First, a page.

"You can't fake it at a major championship."
Woods couldn't fake it this week, though you should have absorbed the scene around the first tee box Thursday after Cameron Smith, Kyle Stanley and Pat Perez (the 1:36 p.m. ET group) headed toward their first shots. Fans were packed into the tight space between the back of the tee and the clubhouse, looking like commuters stuffed inside a subway car, and waited breathlessly for the 1:47 group, Shinnecock's main event. Justin Thomas arrived first, and Dustin Johnson wasn't too far behind him; both were greeted by warm applause. Tiger Woods was going to enter the ring last because he's Tiger Woods and they're not.
JT and DJ were waiting awhile, too, before TW's march toward the tee was announced by a growing murmur in the crowd. Finally, Woods appeared with his caddie, Joe LaCava; a camera crew; and three police officers who appeared stern enough to be guarding a head of state. The crowd went wild. "Tiger Woods," one fan cried. "Aka the GOAT."
Woods responded by hitting his iron shot into the fairway on his way to a ... triple-bogey 7. Woods didn't make his first par until 2:35 p.m. -- or 48 minutes into the tournament.
"Golf is always frustrating," he'd said before play began.
Especially when your putter wages war against you. Woods missed more than half of his greens and still needed 58 putts over two rounds. He was left to admire Johnson, and the half-mile putt DJ made on their 34th hole together, before Woods finished his own Friday round with the smallest of consolation prizes: back-to-back birdies that moved him to 10 over.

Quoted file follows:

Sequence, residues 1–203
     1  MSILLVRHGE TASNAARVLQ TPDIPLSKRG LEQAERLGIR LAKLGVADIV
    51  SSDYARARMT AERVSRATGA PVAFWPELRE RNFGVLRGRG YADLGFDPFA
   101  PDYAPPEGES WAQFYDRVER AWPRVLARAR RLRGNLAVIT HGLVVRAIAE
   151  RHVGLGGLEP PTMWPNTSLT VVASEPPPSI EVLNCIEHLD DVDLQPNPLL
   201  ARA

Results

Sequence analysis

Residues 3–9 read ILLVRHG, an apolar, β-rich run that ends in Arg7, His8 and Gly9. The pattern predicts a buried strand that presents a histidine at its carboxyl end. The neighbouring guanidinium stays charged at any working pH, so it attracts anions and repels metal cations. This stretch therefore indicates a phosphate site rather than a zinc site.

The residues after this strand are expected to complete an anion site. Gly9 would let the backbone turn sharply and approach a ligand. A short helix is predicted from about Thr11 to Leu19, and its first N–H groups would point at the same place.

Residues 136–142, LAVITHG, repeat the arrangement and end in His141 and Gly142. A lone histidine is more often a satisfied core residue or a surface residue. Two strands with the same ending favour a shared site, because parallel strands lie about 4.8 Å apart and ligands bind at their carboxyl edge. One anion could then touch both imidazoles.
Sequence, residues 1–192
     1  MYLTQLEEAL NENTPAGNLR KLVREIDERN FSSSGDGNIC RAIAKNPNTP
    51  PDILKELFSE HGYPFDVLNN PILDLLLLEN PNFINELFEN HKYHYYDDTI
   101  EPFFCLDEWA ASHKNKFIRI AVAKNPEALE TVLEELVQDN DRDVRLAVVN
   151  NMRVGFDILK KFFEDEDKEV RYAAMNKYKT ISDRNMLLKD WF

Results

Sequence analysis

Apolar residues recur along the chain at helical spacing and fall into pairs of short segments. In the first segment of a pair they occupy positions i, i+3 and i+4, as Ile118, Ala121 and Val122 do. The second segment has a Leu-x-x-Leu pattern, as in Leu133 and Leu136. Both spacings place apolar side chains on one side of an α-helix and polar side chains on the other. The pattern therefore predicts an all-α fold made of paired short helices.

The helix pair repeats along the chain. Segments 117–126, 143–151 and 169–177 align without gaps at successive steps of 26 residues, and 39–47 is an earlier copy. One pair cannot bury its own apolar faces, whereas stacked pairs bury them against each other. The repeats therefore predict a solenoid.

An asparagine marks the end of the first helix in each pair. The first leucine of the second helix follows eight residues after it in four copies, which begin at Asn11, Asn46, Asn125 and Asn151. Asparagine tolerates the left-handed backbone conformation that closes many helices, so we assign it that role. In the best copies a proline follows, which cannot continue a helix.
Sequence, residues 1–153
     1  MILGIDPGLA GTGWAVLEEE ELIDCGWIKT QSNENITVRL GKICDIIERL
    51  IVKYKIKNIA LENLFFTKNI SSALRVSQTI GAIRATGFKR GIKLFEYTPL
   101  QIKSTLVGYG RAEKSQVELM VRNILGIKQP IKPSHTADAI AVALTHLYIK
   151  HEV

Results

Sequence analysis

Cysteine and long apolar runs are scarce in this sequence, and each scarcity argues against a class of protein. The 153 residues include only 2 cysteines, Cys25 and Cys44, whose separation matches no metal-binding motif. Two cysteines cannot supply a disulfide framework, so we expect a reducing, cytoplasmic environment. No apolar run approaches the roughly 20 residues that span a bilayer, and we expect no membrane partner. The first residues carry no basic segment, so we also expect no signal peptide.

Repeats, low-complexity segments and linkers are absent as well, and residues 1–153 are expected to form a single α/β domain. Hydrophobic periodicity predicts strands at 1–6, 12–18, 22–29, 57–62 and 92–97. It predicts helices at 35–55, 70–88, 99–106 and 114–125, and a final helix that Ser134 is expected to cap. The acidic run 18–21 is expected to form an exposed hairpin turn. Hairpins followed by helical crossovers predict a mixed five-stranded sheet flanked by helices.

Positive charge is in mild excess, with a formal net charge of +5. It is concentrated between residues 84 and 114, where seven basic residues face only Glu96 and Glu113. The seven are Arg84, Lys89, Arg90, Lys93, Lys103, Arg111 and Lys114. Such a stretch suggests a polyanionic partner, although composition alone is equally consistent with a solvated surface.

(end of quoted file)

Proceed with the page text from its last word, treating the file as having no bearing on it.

"You would think the setup this week would've been right up his alley, with where he can drive it, and use that length to his advantage," said Steve Stricker, a Woods confidant, who called the U.S. Open the hardest of the four majors for any golfer to win.
"You have to battle everything. Not only the course; the setup is always borderline. And then you have to battle yourself to try to do it, because it's very difficult and the pressure is at its highest."
Of course, Woods would never admit that the pressure ever rattled him. He became a 14-time major champ by staring down people and flagsticks with equal amounts of disdain. He merely blamed his putter, and scoffed at the question of whether he still believed he'd someday win his 15th heavyweight title.
"Absolutely," Woods said.
Asked why, he responded incredulously, "Have you seen the way I've been swinging?"
Tiger hasn't been swinging it quite as beautifully as he thinks, and that's OK. Late in the second round, he sat 114th in the field in greens in regulation. Even though his parade was rained on Friday, he will indeed have his day in the sun. More than two dozen men have won majors in their 40s. With the possible exception of Jack Nicklaus, Tiger Woods is better than all of them.
Jim Furyk predicted Friday that Tiger will nail down his first PGA Tour victory since 2013 before the end of this calendar year. That's the first step toward the kind of Sunday a 46-year-old Nicklaus delivered at Augusta in 1986. And if his back holds up, Woods will deliver that Sunday to claim major No. 15.
It's just going to take a little while. It's a process. Trust it.